A St. Albans police car parked at the foot of the Nitro-St. Albans bridge on Monday reminds motorists and pedestrians that the bridge is closed.
Nitro resident Mary Anne Legg gets back in her car after she had it washed at Hand Wash One next to the base of the Nitro-St. Albans bridge. The heavily traveled bridge, the only quick way between the two cities, closed for construction on Monday. Legg, who frequents St. Albans for groceries and other shopping, said the lengthy detours would be a headache.
CHARLESTON, W.Va. -- Usually when Mary Anne Legg needs to replace the taillight on her car it's not that big of a deal.But Monday marked the first day of the Nitro-St. Albans bridge closure, and Legg, of Nitro, needed to go to the Advance Auto Parts store across the river."It sucks," she said. "I had to go all the way down and around for a $2 light bulb. It probably cost me $5 in gas."The bridge will be closed until November while the state Department of Transportation makes renovations, which will include reinforcing its existing piers and replacing the structure that carries traffic across the span.
The new structure will have three lanes, 6-foot-wide shoulders and 5-foot-wide sidewalks.During the closure, motorists must take a 9.5-mile detour to the Nitro exit of Interstate 64, or a 12-mile detour to the bridge between Dunbar and Spring Hill. There's no other quick way between the cities.On Monday at about 3 p.m., the W.Va. 817 detour into St. Albans was backed up for miles, as construction made the road one lane for several hours near Anne Bailey Elementary School."It's better than ending up in the water," Legg noted, however.
The deteriorating bridge, officially known as the Dick Henderson Memorial Bridge, has been a longtime safety concern. It was built in 1934, and although the traffic routine will take some getting used to, residents seem happy to see it getting fixed."It will make everyone feel a lot more safe," said Michelle Taylor, of Nitro. "They've got to do it."On Monday, even though there were large flashing signs notifying motorists the bridge would close at 6 a.m. and orange signs planted in the ground noting detours, Cpl. C.A. Nutter of the Nitro Police Department said plenty of people had to turn around after seeing the barricade at the foot of the bridge."It hasn't been as bad as I thought it would," Nutter said despite the few mishaps.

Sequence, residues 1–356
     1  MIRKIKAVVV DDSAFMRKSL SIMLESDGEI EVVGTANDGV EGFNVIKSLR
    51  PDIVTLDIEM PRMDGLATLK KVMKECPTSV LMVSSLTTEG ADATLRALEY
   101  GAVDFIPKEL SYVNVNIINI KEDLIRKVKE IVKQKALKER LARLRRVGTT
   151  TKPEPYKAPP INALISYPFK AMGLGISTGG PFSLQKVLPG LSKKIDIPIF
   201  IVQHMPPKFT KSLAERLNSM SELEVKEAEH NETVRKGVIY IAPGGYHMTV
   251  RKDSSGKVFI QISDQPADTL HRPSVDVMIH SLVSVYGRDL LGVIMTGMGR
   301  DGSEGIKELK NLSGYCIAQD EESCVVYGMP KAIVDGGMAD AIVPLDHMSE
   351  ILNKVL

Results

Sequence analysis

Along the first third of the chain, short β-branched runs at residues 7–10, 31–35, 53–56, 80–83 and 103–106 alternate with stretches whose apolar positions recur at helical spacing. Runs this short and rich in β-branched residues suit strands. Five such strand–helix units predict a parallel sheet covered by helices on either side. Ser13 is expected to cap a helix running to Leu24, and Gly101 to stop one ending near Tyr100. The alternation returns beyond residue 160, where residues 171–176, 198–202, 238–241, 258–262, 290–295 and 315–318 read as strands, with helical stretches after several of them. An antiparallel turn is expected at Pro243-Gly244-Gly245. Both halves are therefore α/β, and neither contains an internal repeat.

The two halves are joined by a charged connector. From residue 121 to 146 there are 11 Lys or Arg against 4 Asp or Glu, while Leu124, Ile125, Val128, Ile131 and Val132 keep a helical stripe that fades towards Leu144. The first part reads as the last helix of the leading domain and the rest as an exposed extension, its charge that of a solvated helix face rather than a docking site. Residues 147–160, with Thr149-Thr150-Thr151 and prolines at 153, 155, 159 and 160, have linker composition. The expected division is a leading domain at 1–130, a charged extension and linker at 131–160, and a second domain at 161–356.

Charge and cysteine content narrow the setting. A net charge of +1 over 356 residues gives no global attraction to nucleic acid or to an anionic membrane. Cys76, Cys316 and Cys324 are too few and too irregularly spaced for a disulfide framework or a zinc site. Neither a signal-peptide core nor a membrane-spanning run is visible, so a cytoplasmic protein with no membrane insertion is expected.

Nitro Police Chief Brian Oxley said there's enough flashing police lights and signage to make motorists well aware of the closure on the Nitro side of the bridge.As of Monday evening, he hadn't been made aware of any real problems."Well I don't have any wood near me to knock on ... but you know so far it's been rather smooth," Oxley said.
He talked to officers working the day shift, who reported to Oxley that just a few motorists "acted confused or maybe put out" by the bridge closure.Police were stationed at both entrances of the bridge and would remain present until at least Tuesday afternoon to provide an extra warning and make sure no one tried to walk across the bridge, said St. Albans Patrolman J.M. Dent."A lot of people have been coming to take pictures," he said.Dent believes the main thing St. Albans residents will miss is the easy access to Interstate 64."Having the option," is what Amy Halstead, of St. Albans, said was her only concern.Halstead, who works in Kanawha City, drove MacCorkle Avenue to work Monday morning. That afternoon, when she headed home to pick up her daughter for a doctor's appointment, is when the bridge closure almost slipped her mind.
"I almost got on the highway, and then I thought 'oh, no, wait, I have to stay on this side of the river,'" she said.St. Albans Mayor Dick Callaway believes the bridge closure could actually have a positive economic impact."It's going to give people an opportunity to rediscover St. Albans, simply because some business went across the bridge when they opened up new facilities over there, and people have forgotten businesses we have here," he said. "Plus, a lot of new businesses have opened up over here." Kristin Ledford contributed. Reach Kate White at firstname.lastname@example.org or 304-348-1723.